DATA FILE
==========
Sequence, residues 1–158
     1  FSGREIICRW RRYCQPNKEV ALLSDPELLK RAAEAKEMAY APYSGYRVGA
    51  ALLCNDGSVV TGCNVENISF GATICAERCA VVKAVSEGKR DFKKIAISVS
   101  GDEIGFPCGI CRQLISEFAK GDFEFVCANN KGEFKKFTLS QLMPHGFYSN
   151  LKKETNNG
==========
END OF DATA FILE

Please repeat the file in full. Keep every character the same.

Sequence, residues 1–158
     1  FSGREIICRW RRYCQPNKEV ALLSDPELLK RAAEAKEMAY APYSGYRVGA
    51  ALLCNDGSVV TGCNVENISF GATICAERCA VVKAVSEGKR DFKKIAISVS
   101  GDEIGFPCGI CRQLISEFAK GDFEFVCANN KGEFKKFTLS QLMPHGFYSN
   151  LKKETNNG